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After the "Miracle at Philadelphia"-to borrow Catherine Drinker Bowen's phrase for the U.S. Constitutional Convention of 1787, there began the angry fight over ratification. Nine of the 13 states had to vote in favor of the Constitution in order for it to become effective. Absolutely indispensable were New York and Virginia, the most populous and richest states. Chadwick (The First American Army) focuses on the efforts of John Jay, James Madison, and Alexander Hamilton. Their series of essays, known today as "The Federalist Papers," were quickly written and disseminated throughout the country to persuade the state conventions to ratify the new charter. New Yorkers Jay and Hamilton and Madison, a Virginian, were leaders in their state conventions and fought hard for the Constitution. Chadwick uses primary and secondary sources well and has a very readable style. Politics has always been a rough-and-tumble business, which Chadwick captures by recounting the parries and thrusts of anonymous writers in the newspapers and the venomous speeches in the conventions. This fine narrative is best for those new to the topic; recommended for public libraries.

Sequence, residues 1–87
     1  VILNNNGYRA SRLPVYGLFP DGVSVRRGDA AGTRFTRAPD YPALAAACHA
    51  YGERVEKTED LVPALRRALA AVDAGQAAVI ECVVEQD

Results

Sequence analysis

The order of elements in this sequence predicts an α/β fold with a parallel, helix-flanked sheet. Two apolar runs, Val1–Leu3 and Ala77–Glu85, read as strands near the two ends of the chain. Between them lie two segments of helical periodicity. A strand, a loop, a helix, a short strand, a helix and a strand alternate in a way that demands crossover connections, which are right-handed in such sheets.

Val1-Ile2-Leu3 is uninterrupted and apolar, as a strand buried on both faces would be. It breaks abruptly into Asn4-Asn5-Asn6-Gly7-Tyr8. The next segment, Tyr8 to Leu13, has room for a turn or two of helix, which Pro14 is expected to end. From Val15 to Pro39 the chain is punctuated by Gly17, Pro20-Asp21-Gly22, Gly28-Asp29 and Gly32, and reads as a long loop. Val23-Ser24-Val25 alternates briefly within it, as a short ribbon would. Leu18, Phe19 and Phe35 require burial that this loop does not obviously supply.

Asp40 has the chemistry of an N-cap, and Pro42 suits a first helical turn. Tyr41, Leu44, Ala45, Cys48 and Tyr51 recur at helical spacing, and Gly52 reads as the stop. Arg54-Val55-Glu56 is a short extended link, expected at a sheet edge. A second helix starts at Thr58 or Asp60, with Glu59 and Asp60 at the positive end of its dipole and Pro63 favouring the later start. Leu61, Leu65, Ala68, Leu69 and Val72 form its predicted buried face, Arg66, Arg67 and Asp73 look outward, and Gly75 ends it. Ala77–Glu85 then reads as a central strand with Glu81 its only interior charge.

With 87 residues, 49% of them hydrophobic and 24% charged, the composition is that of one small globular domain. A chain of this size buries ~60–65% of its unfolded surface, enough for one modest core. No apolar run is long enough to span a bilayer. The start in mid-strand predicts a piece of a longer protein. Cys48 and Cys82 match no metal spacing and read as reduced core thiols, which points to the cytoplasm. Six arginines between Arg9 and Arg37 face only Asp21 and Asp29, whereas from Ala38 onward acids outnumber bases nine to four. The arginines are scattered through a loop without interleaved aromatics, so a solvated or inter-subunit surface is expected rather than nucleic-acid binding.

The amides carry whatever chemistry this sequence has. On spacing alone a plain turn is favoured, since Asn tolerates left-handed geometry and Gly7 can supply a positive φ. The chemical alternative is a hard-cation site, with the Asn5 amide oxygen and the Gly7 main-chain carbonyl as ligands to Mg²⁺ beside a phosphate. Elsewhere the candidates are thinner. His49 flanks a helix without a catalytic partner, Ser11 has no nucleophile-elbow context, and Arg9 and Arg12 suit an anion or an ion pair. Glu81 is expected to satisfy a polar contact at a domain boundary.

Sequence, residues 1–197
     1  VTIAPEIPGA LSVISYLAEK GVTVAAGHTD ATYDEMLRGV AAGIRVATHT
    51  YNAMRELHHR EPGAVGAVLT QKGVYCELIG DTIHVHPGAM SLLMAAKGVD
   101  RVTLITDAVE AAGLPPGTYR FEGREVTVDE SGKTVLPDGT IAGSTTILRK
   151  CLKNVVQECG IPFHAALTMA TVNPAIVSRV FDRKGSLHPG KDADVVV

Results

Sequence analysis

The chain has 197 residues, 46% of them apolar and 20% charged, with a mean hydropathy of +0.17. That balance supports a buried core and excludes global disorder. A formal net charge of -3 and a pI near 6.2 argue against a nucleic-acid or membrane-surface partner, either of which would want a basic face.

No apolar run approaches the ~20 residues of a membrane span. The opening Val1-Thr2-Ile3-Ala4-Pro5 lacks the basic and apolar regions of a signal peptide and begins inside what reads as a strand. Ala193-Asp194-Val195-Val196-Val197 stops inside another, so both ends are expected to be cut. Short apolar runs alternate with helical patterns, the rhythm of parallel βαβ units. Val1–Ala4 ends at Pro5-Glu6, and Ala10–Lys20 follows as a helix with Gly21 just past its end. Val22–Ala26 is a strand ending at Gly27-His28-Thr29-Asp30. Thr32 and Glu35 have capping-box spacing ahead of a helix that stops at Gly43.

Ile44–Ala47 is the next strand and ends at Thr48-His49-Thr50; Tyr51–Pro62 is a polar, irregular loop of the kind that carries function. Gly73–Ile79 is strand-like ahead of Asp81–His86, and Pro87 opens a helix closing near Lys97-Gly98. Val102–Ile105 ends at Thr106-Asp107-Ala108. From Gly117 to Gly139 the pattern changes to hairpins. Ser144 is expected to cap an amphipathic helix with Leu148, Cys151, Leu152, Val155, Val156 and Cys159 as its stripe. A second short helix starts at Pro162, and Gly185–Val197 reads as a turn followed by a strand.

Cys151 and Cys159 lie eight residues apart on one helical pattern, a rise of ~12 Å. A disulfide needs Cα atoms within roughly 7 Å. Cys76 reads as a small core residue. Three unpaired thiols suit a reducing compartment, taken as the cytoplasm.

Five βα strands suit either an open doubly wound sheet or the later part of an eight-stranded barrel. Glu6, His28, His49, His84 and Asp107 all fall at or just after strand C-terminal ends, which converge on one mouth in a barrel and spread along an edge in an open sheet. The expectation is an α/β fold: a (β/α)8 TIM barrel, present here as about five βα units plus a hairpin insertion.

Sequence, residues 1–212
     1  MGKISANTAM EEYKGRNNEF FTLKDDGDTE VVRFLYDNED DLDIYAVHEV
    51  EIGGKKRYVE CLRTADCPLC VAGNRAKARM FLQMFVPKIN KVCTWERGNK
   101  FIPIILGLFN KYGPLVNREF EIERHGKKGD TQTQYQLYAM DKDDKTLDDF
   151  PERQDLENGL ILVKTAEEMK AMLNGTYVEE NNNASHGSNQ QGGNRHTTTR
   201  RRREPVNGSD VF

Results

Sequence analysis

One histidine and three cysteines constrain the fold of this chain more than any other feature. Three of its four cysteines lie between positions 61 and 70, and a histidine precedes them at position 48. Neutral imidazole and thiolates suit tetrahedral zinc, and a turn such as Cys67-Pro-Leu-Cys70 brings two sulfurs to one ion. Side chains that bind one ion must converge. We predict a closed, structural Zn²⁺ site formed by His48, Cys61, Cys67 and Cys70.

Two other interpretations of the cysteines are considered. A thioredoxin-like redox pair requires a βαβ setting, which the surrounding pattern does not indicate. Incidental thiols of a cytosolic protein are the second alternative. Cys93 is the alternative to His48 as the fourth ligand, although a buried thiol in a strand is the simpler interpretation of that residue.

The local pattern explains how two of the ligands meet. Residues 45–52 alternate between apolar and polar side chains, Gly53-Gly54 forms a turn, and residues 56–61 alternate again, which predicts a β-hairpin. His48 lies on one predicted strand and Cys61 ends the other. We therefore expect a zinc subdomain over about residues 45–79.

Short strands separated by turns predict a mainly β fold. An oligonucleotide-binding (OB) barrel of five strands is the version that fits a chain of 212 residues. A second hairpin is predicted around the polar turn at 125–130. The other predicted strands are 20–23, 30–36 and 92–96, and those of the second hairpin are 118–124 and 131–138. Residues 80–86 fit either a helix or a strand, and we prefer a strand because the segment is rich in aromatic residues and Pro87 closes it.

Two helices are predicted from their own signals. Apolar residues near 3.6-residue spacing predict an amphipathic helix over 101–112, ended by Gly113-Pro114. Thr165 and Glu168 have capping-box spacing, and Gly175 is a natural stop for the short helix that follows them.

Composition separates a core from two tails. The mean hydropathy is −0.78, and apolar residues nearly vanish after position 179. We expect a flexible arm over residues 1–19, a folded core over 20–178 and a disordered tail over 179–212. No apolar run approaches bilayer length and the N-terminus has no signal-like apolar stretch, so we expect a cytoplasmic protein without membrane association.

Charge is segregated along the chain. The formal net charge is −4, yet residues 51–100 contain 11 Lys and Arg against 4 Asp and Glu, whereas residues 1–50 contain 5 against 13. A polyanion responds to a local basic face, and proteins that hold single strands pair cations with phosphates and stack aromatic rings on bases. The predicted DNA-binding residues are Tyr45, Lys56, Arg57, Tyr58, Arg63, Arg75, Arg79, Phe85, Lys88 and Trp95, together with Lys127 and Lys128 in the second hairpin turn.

—Michael O. Eshleman